Virtual hands reach across the Atlantic

November 1, 2002

Brussels, 31 Oct 2002

Scientists in London and Boston have taken part in an experiment over the Internet to demonstrate the latest in touch technology despite being separated by more than 3,000 miles (4,800 km).

Participants in the experiment used a computer and a small robotic arm instead of a more traditional mouse. Developed by Sensable Technologies the arm had, at its end, a device resembling a thick pen. This is grasped by the experimenter to get a feel for what is happening in the virtual world. It also transmits their movements to other participants.

The arm, known as a Phantom, gives users the sensation of touch by exerting precisely controlled forces on the fingers. The participants could directly feel whether others are pulling, pushing or manipulating computer generated objects in a shared virtual world.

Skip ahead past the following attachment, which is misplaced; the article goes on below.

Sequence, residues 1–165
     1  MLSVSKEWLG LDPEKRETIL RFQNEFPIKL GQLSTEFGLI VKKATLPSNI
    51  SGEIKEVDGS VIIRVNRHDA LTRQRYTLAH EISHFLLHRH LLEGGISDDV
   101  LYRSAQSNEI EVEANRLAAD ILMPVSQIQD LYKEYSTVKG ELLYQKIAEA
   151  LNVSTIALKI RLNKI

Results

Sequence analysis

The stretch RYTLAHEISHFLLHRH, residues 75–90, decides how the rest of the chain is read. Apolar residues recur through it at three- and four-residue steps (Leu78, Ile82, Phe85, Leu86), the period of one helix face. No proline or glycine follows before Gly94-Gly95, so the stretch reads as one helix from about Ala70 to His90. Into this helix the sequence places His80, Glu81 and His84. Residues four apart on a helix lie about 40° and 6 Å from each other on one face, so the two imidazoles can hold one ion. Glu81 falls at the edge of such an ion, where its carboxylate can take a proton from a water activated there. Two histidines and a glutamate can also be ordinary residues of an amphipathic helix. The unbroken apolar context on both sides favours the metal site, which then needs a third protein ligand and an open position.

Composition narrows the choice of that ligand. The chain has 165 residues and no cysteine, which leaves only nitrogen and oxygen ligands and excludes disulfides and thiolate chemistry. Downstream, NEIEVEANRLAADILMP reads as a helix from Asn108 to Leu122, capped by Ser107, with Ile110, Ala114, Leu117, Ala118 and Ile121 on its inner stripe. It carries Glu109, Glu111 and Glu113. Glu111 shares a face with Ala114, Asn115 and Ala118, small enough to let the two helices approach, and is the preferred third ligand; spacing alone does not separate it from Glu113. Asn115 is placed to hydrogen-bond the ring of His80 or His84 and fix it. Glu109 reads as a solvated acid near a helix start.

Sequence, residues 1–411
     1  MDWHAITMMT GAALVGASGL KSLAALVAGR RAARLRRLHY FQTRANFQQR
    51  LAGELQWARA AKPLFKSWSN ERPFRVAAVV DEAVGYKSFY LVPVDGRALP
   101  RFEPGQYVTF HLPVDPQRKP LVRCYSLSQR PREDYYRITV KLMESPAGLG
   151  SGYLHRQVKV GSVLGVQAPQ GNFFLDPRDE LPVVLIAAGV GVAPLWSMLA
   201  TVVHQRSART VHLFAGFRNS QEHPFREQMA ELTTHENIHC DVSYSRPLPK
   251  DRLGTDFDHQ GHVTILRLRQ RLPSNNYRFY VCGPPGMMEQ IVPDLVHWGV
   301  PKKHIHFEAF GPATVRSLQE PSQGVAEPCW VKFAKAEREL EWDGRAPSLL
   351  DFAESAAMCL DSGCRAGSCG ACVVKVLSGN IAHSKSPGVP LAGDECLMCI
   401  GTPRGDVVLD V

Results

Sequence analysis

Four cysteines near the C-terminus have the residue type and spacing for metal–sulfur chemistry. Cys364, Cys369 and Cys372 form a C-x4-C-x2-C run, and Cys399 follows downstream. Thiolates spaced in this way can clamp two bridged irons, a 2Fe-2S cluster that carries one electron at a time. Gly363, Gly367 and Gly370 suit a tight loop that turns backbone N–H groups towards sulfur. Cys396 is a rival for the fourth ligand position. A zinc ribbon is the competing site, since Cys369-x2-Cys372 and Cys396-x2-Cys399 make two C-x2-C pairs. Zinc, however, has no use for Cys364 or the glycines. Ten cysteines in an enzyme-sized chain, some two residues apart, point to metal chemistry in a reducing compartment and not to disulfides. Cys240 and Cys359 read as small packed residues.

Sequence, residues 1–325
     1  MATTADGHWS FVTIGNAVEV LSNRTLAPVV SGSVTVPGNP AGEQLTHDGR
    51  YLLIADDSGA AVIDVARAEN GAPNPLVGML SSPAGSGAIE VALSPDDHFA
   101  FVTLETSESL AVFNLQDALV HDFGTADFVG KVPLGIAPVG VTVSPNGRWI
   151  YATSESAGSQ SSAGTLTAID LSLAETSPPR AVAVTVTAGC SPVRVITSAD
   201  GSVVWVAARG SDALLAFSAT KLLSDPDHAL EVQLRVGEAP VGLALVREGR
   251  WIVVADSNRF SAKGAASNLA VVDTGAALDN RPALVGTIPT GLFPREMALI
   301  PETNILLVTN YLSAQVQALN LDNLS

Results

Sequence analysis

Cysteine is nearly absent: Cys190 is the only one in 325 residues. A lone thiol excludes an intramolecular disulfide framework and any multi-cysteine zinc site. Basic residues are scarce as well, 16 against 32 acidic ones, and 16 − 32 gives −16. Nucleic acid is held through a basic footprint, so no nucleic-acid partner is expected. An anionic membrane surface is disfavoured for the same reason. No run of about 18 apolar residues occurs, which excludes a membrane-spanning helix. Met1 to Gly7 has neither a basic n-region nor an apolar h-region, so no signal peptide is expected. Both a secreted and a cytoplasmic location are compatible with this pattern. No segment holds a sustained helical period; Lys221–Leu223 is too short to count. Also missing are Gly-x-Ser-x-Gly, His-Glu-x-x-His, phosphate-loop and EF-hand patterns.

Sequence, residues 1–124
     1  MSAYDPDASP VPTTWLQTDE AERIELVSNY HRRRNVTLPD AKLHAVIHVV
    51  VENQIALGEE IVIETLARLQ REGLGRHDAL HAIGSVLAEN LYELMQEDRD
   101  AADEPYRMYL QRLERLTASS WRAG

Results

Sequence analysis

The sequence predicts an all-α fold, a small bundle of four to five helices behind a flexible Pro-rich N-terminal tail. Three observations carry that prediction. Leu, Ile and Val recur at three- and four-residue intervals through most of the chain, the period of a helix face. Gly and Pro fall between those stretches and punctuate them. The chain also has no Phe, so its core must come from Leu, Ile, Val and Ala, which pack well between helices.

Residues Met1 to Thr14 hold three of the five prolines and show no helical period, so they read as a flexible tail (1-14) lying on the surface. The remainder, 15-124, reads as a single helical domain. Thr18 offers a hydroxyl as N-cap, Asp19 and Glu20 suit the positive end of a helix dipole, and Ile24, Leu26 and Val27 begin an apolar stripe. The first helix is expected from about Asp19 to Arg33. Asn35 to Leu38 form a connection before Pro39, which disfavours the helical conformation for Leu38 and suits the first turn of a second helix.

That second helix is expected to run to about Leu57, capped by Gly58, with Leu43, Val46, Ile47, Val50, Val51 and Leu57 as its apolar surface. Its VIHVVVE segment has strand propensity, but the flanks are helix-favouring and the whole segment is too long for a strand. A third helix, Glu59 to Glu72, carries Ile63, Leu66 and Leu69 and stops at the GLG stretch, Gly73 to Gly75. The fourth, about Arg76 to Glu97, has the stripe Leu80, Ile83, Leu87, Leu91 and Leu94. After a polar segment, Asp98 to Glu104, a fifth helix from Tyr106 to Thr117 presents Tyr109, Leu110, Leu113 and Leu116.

Professor Mel Slater from the computer science lab at University College London and head of one of the research teams taking part said: 'You can not only feel the resulting force, but you can also get a sense of the quality of the object you're feeling, whether it's soft or hard, wood-like or fleshy. It enhances the sense of being together even though the physical distances involved are vast.'

In the groundbreaking experiment, the participants shared a view of a virtual room containing a large black box. Their task was to work together to lift the black box despite being separated by the Atlantic.

One of the biggest problems the experimenters had to overcome was the delay caused by sending data over the net. Delays of less than 130 milliseconds are needed to ensure participants can work together well as longer delays between action and reaction in the virtual world cause participants to struggle to cope and collaborate.

Long-range sensing is unlikely to arrive on home computers soon as it needs very high-speed networks to minimise delay.

CORDIS RTD-NEWS/© European Communities, 2001

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